INSAT-3D, India’s Advanced Weather Satellite, has completed two successful years in orbit, the Indian Space Research Organisation said .
INSAT-3D is an exclusive mission designed for enhanced meteorological observations and monitoring of land and ocean surfaces for weather forecasting and disaster warning, ISRO said.
The satellite was launched by European rocket Ariane VA214 flight from French Guyana on July 26, 2013.
INSAT-3D is the first Indian geostationary satellite, equipped with sounder instrument that provides frequent good quality atmospheric profiles (temperature, humidity) over the Indian land mass and adjoining areas, it added.
The main objective of the INSAT-3D mission is to provide high quality observations for monitoring and prediction of weather events as well as for the study of climate.
ISRO said the state-of-the-art instruments like “Imager” and “Sounder” onboard INSAT-3D satellite provide a wide range of atmospheric products such as cloud coverage images, atmospheric winds, sea and land surface temperatures,humidity, quantitative rainfall, earth’s radiation, atmospheric profiles, ozone, atmospheric stability parameters, fog, snow and aerosols.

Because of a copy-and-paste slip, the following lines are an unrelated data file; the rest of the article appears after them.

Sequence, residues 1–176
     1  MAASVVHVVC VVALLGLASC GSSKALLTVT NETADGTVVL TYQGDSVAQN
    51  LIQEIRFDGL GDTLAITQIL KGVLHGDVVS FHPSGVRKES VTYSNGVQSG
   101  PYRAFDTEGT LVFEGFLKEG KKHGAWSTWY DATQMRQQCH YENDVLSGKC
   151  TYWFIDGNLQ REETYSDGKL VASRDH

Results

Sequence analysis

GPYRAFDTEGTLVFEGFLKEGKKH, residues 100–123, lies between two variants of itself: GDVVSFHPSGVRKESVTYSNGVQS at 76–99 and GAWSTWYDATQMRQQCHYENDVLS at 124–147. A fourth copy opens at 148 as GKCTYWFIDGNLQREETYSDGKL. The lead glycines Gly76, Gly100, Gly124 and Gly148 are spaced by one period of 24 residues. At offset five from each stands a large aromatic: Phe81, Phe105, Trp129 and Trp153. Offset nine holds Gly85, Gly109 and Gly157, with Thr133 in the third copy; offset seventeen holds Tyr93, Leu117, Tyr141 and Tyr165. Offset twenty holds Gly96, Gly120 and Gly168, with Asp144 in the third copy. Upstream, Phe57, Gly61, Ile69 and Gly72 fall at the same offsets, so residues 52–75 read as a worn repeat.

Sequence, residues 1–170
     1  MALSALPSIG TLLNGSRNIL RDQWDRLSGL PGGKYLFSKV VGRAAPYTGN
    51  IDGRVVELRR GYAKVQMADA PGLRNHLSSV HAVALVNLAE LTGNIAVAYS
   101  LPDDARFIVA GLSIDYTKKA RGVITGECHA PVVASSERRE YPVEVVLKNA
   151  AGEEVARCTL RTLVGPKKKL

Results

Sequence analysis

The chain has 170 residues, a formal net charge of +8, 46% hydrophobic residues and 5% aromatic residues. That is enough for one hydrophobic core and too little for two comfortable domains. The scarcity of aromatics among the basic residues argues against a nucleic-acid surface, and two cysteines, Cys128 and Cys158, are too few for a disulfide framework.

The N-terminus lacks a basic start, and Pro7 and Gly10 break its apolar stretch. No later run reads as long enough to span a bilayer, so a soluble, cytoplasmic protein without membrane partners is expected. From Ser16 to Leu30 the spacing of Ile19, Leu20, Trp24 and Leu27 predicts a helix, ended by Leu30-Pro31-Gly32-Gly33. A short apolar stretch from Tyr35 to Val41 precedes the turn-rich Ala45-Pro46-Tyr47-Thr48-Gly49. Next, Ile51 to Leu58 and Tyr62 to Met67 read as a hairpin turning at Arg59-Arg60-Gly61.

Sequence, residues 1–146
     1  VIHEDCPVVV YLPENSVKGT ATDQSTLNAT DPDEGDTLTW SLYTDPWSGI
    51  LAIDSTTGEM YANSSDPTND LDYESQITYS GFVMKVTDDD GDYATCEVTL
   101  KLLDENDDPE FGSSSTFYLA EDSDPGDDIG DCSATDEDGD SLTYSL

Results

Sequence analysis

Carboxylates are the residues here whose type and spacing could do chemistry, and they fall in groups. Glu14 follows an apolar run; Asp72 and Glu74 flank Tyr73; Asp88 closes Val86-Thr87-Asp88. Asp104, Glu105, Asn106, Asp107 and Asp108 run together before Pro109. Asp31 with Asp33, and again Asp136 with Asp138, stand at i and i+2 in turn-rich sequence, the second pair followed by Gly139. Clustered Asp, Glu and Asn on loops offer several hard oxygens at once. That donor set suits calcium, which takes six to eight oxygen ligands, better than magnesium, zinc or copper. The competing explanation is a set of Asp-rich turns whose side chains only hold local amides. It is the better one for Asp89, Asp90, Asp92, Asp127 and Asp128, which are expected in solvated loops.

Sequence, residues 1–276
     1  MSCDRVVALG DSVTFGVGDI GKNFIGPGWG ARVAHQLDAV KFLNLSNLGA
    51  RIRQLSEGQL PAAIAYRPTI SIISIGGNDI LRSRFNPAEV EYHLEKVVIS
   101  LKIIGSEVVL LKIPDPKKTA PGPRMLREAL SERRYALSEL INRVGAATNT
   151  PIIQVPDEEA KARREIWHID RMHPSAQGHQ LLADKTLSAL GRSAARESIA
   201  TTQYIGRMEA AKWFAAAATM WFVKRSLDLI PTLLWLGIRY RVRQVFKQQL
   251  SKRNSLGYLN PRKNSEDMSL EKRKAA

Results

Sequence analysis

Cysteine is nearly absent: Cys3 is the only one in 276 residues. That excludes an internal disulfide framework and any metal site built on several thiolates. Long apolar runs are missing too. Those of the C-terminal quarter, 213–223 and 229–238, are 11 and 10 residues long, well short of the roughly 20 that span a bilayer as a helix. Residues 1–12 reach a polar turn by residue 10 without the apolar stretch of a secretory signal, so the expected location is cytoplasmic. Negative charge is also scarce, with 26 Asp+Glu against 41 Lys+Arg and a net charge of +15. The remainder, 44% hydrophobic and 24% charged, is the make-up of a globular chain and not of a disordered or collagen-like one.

These products are immensely helpful in monitoring day-to-day weather and prediction of extreme events like tropical cyclone, thunderstorm, cloud burst and heat waves, it added.
INSAT-3D has the distinction that its radiance observations and derived products are being operationally assimilated in numerical models operated by national weather prediction agencies like IMD and National Centre of Medium Range Weather Prediction (NCMRWF).
Besides that, leading international agencies like European Center of Medium range Weather Forecast (ECMWF) and United Kingdom Meteorological Office (UKMET) are also looking for possibilities to use INSAT-3D derived atmospheric winds in their global models, ISRO said.
It said the achievements of INSAT-3D mission paved the way for ISRO to become a member of prestigious international groups like Coordination Group of Meteorological Satellites (CGMS) during the meeting at Boulder, Colorado in May 2015.
To achieve the international climate standard, INSAT-3D radiances are continuously monitored and calibrated by Global Space based Inter Calibration System (GSICS) procedure to ensure that INSAT-3D observations meet the international quality standard, it added.